Field Of Flowers

0214. The Beauty Of Life Itself

In our culture today, beauty sells. We are bombarded with advertisements featuring beautiful spokespeople and celebrities. The houses are upscale, the cars are sleek and elegant, and the technology is pleasing to the eye. Steve Jobs did not only set out to just create a smartphone. He wanted the most eye-catching design so when people saw it, they just had to have one for themselves. The standards set by advertising trains all of us subconsciously to either be as beautiful as we can be, or seek out and obtain the most beautiful objects. Beauty is no longer in the eye of the beholder, but a weapon in the palm of the marketer.

But what if that product did not work anymore? What if your smartphone battery died? Would you continue to see it as beautiful, or as just a paper weight? What if your car motor needed replacing? Would you see that machine as sleek as when you first bought it, or as a lemon? And when the roof of your house starts to leak after years of weathering? Is it still your dream house, or a burden to maintain? All of the examples demonstrate that if most objects lose their functionality, it has a good chance of ending up in the garbage heap.

The same can be said for living things. If a piece of ripe fruit is left out in the open for a couple of weeks, what will happen? It will begin to rot, the color will fade and turn brown and black, and it will smell bad.  Not only that, it will attract the lowest of vermin, such as cockroaches, rats and vultures. The same can be said about flowers. They look good for a couple of weeks in a vase, but then they will begin to wilt. And before long, you are tossing them out with the garbage. So while these things are beautiful and attractive when alive, their beauty fades once they are dead.

So let’s now think about us human beings.  We pour billions of dollars into just looking beautiful. Makeup, dieting and exercise, cosmetic surgery, and fashion are just some of the many things that drives our culture. But have you ever thought about what happens to you when you die? The hair will stop growing, and all color will disappear from our bodies. If we are not cremated, then we will be embalmed long enough for loved ones to say goodbye. And as soon as the casket is closed and we are put into the ground, we begin the long journey of decomposing and returning to the earth. So for all the time and effort we spend making ourselves look beautiful, in the end it is no different for humanity as it is for other living things. Once we cease to exist, our beauty comes to an end.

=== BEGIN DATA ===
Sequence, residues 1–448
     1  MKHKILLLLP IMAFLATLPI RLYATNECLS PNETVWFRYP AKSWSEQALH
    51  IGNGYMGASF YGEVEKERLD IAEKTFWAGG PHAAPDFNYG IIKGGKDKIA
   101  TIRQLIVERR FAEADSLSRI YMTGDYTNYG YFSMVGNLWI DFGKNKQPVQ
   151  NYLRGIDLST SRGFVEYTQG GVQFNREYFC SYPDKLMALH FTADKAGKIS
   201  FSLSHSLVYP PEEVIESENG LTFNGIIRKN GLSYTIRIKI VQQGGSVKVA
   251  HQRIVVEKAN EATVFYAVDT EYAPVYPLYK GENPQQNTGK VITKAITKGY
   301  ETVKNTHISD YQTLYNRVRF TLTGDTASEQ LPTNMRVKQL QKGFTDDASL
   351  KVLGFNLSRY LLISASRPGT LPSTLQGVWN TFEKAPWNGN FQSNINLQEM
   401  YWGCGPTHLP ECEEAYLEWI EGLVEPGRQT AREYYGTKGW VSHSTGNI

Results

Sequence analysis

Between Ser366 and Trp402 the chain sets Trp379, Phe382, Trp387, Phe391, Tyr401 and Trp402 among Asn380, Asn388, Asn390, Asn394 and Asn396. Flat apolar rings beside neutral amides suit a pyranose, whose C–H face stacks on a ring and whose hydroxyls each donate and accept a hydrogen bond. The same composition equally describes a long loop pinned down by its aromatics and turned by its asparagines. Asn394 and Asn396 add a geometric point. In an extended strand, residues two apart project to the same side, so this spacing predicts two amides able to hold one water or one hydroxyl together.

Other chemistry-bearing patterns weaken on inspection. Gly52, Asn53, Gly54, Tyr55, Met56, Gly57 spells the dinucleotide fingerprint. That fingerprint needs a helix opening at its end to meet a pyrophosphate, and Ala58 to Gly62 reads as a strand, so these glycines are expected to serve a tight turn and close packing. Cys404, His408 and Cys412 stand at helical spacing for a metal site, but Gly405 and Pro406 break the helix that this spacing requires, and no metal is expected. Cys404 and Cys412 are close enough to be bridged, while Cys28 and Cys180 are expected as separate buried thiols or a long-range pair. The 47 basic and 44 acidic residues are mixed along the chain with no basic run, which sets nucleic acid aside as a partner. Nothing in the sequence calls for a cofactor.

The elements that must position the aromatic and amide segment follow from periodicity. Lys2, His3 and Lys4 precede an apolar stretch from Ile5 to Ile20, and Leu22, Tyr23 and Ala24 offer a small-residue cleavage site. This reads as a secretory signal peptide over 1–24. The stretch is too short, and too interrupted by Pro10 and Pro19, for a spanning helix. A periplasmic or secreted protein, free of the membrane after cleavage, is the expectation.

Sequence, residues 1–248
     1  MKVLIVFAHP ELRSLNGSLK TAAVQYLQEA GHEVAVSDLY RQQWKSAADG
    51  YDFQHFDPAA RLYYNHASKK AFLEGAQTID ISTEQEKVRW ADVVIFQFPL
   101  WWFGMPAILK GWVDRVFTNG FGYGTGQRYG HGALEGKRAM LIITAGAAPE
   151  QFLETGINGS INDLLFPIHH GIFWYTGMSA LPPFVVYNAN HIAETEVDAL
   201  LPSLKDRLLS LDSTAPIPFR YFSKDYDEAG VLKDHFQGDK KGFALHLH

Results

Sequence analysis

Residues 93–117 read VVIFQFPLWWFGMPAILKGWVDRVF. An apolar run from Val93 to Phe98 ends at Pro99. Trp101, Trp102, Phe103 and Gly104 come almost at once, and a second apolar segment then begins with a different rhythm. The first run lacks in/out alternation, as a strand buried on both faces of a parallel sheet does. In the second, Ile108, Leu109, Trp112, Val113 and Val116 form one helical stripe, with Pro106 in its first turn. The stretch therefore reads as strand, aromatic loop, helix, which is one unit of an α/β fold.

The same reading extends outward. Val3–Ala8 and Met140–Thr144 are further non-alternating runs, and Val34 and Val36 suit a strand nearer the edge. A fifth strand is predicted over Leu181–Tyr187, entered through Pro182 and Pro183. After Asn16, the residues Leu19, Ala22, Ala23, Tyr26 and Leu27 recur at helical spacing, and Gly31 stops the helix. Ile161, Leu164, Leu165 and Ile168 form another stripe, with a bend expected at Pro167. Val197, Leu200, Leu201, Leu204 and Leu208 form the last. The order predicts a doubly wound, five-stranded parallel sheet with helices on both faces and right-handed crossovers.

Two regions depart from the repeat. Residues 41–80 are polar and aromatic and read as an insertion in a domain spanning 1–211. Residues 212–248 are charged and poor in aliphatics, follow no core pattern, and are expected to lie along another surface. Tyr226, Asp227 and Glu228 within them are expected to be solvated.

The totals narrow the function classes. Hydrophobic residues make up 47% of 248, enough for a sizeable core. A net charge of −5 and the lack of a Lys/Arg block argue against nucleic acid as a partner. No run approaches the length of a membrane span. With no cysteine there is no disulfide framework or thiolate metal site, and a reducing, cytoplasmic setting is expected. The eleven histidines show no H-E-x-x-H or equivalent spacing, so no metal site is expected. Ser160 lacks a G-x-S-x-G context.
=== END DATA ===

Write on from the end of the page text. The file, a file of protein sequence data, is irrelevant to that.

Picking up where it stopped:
So what if the beauty that we so desperately seek is not in the products we use to make ourselves look beautiful, but in the spirit of life itself? Would we give up physical beauty just to hold onto life for one more day? Jesus understood this concept, and taught us about the inner beauty of our souls. In 1 Peter 3:3-4 (CSB): “Don’t let your beauty consist of outward things like elaborate hairstyles and wearing gold jewelry or fine clothes, but rather what is inside the heart – the imperishable quality of a gentle and quiet spirit, which is of great worth in God’s sight.”

Jesus is not just interested in the physical life we lead, but also the spiritual life in our hearts. The problem was that due to the sinful nature of humankind, we were cut off from God, and doomed to face not only a physical death, but a spiritual death as well. And if we thought what happens to us when we die physically was bad, it is nothing compared to what faces us in spiritual death. Revelation 20:15 (CSB) reveals this to us: “And anyone whose name was not found written in the book of life was thrown into the lake of fire.” And no amount of beauty products will help us if that is where we end up.

Fortunately, there is good news. God wanted us to avoid this fate so much, that he sent his son Jesus to take our place, and suffer on the cross for our sins. Only through his resurrection and conquering of death, could we also follow in his footsteps and avoid spiritual death. So while it is nice to be in shape and look pretty in the mirror every morning, our true beauty lies not within our physical attributes, but in the spiritual realm of life itself. It is only when we understand what death has in store for us can we truly understand the gift that Jesus has given us in the opportunity for eternal life. Remember what Romans 12:2 (CSB) teaches us: “Do not be conformed to this age, but be transformed by the renewing of your mind, so that you may discern what is the good, pleasing, and perfect will of God.” Ponder that this week.

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